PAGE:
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BuzzFix | BTS Blues: How ARMYs Plan to Wait For K-Pop Icons at 'Magic Shop' Till 2025

By: Shaoni Sarkar

Edited By: Anurag Verma


Last Updated: October 21, 2022, 08:14 IST


With BTS set for military service, ARMYs aren't going anywhere. (Photo: Reuters)

With BTS set for military service, ARMYs aren't going anywhere. (Photo: Reuters)

BTS ARMYs around the world share their thoughts on K-pop icons Jin, Suga, J-hope, RM, Jimin, V and Jungkook fulfilling mandatory military service as per South Korean policy.

“I’m not sure why, but one day my stress levels were up to 61 (as per my smartwatch) on a scale of 1 to 100. I was sweating profusely in the middle of the night, I didn’t know why I was so anxious, there was not a single thing on my mind, but I was feeling unsteady. I lay down and put on my headphones. I had listened to hardly five songs by BTS when my stress level was down to 11. I don’t know what underlying issue was being taken care of by their soothing voices but whatever it was, I was relieved that night to think that I at least have one thing to rely on in my life: BTS," shares 23-year-old Amrita Dhar, an HR professional.

Waiting at the Magic Shop

Most BTS fans- ARMYs- are aware that public perception has not been kind to them. Apart from the general condescension that fandoms face on social media, ARMYs have had to deal with the additional bigotry that comes their way because they ‘stan’ a South Korean boyband that eschews all notions of traditional masculinity. Most ARMYs, like Amrita, nurse a deeply personal connection with BTS’ Jin, Suga, J-hope, RM, Jimin, V and Jungkook. So when the news broke of BTS fulfilling mandatory military service as per South Korean policy, many ARMYs were in tears, feeling almost as if a “family member was going away".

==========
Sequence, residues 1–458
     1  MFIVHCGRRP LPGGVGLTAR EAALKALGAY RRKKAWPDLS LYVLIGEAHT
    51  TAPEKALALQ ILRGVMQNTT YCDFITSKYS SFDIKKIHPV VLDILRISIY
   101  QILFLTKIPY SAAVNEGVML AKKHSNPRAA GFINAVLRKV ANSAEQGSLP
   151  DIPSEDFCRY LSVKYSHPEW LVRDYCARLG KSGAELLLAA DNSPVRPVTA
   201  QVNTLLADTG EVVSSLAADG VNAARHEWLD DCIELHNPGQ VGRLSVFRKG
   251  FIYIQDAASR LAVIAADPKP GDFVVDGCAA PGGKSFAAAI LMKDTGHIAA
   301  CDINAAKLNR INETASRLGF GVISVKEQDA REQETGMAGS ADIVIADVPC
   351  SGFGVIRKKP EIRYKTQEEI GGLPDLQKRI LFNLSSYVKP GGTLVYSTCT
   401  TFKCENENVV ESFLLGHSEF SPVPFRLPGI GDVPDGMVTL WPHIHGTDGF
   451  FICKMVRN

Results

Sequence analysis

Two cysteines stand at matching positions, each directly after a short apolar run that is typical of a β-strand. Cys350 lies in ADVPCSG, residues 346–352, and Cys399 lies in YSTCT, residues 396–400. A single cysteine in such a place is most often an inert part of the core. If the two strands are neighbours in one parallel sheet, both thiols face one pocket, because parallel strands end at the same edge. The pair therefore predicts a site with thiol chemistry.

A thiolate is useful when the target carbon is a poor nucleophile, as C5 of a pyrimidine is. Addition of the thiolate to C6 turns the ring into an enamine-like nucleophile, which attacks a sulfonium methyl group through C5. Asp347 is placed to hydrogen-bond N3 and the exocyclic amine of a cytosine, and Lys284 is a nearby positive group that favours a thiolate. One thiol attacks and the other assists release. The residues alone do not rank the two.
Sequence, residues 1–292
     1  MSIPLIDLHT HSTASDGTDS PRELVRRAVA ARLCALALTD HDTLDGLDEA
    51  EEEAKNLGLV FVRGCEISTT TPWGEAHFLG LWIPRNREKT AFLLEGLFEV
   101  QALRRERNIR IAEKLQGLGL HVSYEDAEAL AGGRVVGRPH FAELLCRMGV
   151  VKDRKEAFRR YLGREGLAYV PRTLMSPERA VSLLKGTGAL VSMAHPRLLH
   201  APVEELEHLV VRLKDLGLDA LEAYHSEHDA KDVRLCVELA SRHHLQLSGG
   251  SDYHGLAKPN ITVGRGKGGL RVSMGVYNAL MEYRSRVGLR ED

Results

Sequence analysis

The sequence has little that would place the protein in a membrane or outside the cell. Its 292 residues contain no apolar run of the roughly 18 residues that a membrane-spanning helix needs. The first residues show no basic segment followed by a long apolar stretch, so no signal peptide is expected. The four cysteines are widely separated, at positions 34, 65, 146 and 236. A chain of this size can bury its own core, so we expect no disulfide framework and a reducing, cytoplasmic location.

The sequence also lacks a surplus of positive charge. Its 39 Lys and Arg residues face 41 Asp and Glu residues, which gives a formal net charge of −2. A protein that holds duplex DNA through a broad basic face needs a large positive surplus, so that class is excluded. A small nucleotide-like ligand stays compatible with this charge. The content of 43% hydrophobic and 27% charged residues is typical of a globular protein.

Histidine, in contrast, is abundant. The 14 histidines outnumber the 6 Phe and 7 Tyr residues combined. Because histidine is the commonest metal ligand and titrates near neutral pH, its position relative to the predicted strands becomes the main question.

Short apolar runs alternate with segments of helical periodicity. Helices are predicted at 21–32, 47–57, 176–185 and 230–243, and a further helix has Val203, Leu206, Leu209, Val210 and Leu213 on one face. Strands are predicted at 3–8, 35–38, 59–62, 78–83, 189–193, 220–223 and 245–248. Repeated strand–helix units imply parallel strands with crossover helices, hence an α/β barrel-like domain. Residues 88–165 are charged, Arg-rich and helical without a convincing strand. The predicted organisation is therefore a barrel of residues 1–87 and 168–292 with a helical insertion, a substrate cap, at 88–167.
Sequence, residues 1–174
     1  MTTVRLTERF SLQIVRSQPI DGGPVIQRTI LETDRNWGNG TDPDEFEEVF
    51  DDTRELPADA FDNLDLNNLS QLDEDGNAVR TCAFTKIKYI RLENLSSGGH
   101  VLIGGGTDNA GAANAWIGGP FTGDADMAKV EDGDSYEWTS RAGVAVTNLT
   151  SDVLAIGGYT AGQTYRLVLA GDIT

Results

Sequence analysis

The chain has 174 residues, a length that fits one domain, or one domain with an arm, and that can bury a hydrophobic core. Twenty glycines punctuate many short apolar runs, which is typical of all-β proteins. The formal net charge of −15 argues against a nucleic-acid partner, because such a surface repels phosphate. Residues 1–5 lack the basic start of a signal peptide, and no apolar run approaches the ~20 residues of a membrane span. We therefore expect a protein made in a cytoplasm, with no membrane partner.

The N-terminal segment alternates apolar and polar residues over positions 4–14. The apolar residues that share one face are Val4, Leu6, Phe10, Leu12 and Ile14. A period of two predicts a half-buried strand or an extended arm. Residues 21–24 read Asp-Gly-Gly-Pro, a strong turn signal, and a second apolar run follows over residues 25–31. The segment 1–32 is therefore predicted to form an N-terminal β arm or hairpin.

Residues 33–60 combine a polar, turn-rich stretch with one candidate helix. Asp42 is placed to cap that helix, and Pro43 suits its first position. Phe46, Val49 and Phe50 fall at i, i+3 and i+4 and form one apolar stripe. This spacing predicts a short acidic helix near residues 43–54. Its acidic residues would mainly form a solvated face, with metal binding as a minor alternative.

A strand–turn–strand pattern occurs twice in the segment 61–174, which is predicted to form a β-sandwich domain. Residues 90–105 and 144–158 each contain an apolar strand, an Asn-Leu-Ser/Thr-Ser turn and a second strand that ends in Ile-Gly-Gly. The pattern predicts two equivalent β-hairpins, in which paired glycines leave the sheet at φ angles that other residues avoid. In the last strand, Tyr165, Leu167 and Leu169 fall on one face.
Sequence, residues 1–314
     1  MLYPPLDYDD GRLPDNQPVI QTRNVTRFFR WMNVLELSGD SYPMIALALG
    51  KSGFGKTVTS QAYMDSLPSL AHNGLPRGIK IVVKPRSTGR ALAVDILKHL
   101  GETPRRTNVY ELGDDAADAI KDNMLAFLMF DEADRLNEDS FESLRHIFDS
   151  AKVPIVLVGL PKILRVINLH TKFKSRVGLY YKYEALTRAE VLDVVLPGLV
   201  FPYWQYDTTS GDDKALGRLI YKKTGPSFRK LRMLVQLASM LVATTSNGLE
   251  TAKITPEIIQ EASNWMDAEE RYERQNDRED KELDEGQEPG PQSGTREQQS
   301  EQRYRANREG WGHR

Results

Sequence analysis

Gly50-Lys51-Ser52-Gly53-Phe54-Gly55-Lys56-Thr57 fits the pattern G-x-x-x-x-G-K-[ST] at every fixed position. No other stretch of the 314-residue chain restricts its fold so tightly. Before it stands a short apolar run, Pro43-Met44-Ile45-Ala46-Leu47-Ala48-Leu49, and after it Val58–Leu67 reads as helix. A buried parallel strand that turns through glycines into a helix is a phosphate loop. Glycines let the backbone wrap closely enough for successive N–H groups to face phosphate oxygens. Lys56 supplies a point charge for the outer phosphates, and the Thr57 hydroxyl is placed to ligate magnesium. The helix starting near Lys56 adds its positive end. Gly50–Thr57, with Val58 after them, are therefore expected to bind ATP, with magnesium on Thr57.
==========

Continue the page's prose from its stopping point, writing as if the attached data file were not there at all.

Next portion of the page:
Ikra, a class 12 student who runs a stan account, sent an email to herself:


“To my future self,

You did it! You’re still here for BTS, waiting for them patiently. With the hardships of life, while they were [serving in the] military.

The moment is here, they are here again for you, waiting for you in the MAGIC SHOP.


ikra 2022"

Ikra is now all set to push through with achieving goals for BTS and streaming their music to break records till 2025. Nowshin Nowal Mehek, an ARMY from Bangladesh, says: “It’s been 8 years of my new life with BTS and it still feels like yesterday that I started to stan them. I still wonder how it’s been 8 years… I now realise that I didn’t prioritise living before. But now, living has become worthy. I spend my days laughing with them, crying with them… I know now that if I don’t find anyone with me, it’s okay." They are both waiting at the Magic Shop, reposing their faith in the BTS song that goes: “Once you open the door and enter, this place will wait for you/It’s okay to believe Magic Shop that will comfort you."

ARMY vs Military

In no way were ARMYs blindsided by HYBE’s announcement. They have engaged with debates around South Korea’s mandatory military service policy for years now, and though they are unequivocally supportive of the decision BTS members have taken, many of them are critical of the policy. Although many foreign BTS fans have been, in the past, wary of speaking on BTS’ military enlistment as that might be interpreted as them speaking on behalf of the Korean people themselves, some of them spoke out against it in conversations with News18.

“At first I was a bit annoyed at the fact that BTS didn’t get exempted way earlier for all they’ve accomplished. They’re currently Korea’s biggest asset and would continue to be for a long time, so it’s confusing why there was so much controversy about it. However, I’m also American and my personal bias against the military makes it difficult for me to relate or fully know what Koreans’ stances are on militaries. But you have to realise it was the guys’ own decision, so after a few minutes, I joined in on the jokes," a Twitter stan account going by @_mieluv_ said.

At the heart of the raging debate over whether or not BTS should be exempted from mandatory military service lies a gamut of preliminary questions: what does it mean to have served one’s country? Could art qualify to do so? Could military service qualify? Whom, in fact, does one hope to serve when they set out to serve their country? Since when has the ruling class’ definition of national interest perfectly coincided with that of the masses?